February 15, 2021 - 6:52 am
Updated February 15, 2021 - 10:47 am
Q: I have been a faithful reader of your weekly column in the Las Vegas Review-Journal and greatly appreciate your thorough answers to the numerous questions you receive relative to homeowners association issues. Recently, I have become aware of an issue within my community and need some clarification before undertaking any action with the HOA board of directors. I hope you can help.
Our community is small (less than 60 homes) with private streets without any overhead street lights The builder planned the community to be illuminated only by coach lights affixed to the exterior walls or garages of the individual dwellings. Such lighting creates the rural character of the community but results in a certain degree of darkness at night The covenants, conditions and restrictions explicitly state that no overhead lighting of any kind and/or any type of high-intensity exterior lighting will be allowed on individual units or common elements.
Some homeowners have affixed additional exterior lighting fixtures, commonly referred to as “security lighting,” to the exterior of their dwelling. The homeowners have claimed that they feel the need to have an additional layer of personnel security in addition to standard home alarm systems or security shutters due to the reduced level of lighting within the community and a home burglary that has occurred within the community. However, such installations appear to be a direct violation of the CC&Rs, even if approval may have been obtained from the HOA Architectural Review Committee.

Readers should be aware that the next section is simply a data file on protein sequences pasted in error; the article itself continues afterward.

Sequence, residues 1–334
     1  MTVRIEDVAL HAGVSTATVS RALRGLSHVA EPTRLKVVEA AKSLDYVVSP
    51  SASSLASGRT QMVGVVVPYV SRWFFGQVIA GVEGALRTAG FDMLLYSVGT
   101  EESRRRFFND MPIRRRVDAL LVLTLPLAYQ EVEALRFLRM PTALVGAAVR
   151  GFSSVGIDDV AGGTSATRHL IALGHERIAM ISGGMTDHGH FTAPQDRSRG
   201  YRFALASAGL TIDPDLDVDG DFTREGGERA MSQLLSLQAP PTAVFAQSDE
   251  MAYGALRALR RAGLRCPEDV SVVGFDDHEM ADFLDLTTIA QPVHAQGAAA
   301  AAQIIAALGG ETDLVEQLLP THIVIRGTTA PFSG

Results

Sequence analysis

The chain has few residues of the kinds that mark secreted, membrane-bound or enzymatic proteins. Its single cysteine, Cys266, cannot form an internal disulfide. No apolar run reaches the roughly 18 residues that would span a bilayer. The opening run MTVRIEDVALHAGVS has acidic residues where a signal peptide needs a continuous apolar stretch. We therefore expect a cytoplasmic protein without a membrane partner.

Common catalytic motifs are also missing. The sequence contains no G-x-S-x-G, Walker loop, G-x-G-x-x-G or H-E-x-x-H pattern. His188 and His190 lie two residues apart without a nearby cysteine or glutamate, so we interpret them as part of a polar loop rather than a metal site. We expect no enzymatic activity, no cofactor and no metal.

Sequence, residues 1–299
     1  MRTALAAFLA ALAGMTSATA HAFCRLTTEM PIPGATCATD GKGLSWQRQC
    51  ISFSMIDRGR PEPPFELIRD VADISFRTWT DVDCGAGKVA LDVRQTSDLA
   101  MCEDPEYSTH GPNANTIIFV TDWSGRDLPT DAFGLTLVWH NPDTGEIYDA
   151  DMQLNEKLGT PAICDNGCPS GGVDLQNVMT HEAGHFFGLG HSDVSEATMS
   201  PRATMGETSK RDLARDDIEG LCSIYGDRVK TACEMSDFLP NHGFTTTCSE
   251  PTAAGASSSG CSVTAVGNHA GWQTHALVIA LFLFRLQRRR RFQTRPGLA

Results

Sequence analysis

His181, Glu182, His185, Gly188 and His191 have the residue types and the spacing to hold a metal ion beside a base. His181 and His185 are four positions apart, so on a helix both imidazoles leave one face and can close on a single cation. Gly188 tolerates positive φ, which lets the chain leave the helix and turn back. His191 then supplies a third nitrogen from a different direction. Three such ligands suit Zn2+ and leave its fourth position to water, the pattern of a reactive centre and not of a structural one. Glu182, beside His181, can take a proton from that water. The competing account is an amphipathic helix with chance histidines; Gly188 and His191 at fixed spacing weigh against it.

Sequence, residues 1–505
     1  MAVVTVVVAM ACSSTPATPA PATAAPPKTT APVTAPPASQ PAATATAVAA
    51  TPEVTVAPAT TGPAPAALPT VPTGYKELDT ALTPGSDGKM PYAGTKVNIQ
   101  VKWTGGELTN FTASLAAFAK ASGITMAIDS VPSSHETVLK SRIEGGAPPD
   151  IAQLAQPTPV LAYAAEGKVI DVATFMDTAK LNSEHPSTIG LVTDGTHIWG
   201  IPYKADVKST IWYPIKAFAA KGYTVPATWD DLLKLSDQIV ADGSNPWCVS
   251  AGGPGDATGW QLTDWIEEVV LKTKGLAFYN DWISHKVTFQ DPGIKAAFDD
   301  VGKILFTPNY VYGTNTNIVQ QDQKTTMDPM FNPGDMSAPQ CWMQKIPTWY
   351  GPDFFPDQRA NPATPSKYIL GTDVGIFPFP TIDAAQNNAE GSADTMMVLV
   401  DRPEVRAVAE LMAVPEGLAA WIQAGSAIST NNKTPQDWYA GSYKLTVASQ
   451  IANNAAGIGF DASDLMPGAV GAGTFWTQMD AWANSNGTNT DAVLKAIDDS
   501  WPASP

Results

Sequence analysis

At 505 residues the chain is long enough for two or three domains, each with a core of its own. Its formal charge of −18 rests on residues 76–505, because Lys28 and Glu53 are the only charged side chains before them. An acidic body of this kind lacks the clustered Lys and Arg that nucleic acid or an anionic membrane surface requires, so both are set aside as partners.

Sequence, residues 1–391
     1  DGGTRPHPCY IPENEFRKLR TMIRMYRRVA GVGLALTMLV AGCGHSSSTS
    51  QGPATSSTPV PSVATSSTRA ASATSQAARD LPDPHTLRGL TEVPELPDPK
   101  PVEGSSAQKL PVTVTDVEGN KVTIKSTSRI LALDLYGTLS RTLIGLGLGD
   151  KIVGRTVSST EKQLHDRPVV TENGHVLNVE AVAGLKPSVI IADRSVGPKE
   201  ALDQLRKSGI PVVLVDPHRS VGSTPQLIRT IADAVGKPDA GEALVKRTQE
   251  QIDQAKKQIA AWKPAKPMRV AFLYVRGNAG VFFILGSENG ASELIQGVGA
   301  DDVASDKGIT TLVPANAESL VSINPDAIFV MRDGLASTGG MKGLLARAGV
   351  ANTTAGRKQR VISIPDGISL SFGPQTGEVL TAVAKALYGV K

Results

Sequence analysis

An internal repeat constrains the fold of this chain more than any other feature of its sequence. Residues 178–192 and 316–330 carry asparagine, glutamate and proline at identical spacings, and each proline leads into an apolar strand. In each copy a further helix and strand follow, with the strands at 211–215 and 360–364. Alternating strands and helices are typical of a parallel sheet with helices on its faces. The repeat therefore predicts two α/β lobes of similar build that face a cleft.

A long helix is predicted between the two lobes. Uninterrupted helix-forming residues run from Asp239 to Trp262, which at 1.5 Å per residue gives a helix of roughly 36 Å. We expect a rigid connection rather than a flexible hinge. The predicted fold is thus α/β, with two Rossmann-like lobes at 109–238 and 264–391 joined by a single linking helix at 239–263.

My question to you is: Does Nevada Revised Statues No. 116 make any reference to a homeowner’s right to install any form of security/safety device (lighting, shutters, screening) on their lot or dwelling?
Thank you in advance for any information you can provide.
A: In 1986, the California Supreme Court heard a case pertaining to the lack of appropriate exterior lighting at a condominium association, Francis T. v. Village Green Owners Association. In this case, the association board denied the architectural request by the plaintiff to install additional lighting.
Under the cover of darkness on Oct. 9, 1980, the plaintiff was molested, raped and robbed. This was not the first time that an incident occurred at her home. In April of 1980, her home was burglarized. The record shows that the homeowners in her location were concerned about the lack of appropriate lighting. The plaintiff had requested on more than one occasion to obtain permission from the board to install the additional lighting. Having heard no response from the association, she installed the lighting. She was then sent a violation notice, had a hearing and was required to remove the lighting on Oct. 6, 1980. The board’s decision was based upon the language in their governing documents.
The association lost the case.
It appears to me that your association has a similar problem with their governing documents versus the security of their residents. If an incident were to occur in your association, you can bet the plaintiff’s attorney will definitely use the California case in a personal injury case against your association.
Your association should contact their legal counsel to see if the association can either modify the language in their governing documents or modify their architectural guidelines.
As to NRS 116, there is no specific section pertaining to security that would address your issues.
Barbara Holland is a certified property manager and holds the supervisory community manager certificate with the state of Nevada. She is an author and educator on real estate management. Questions may be sent to firstname.lastname@example.org.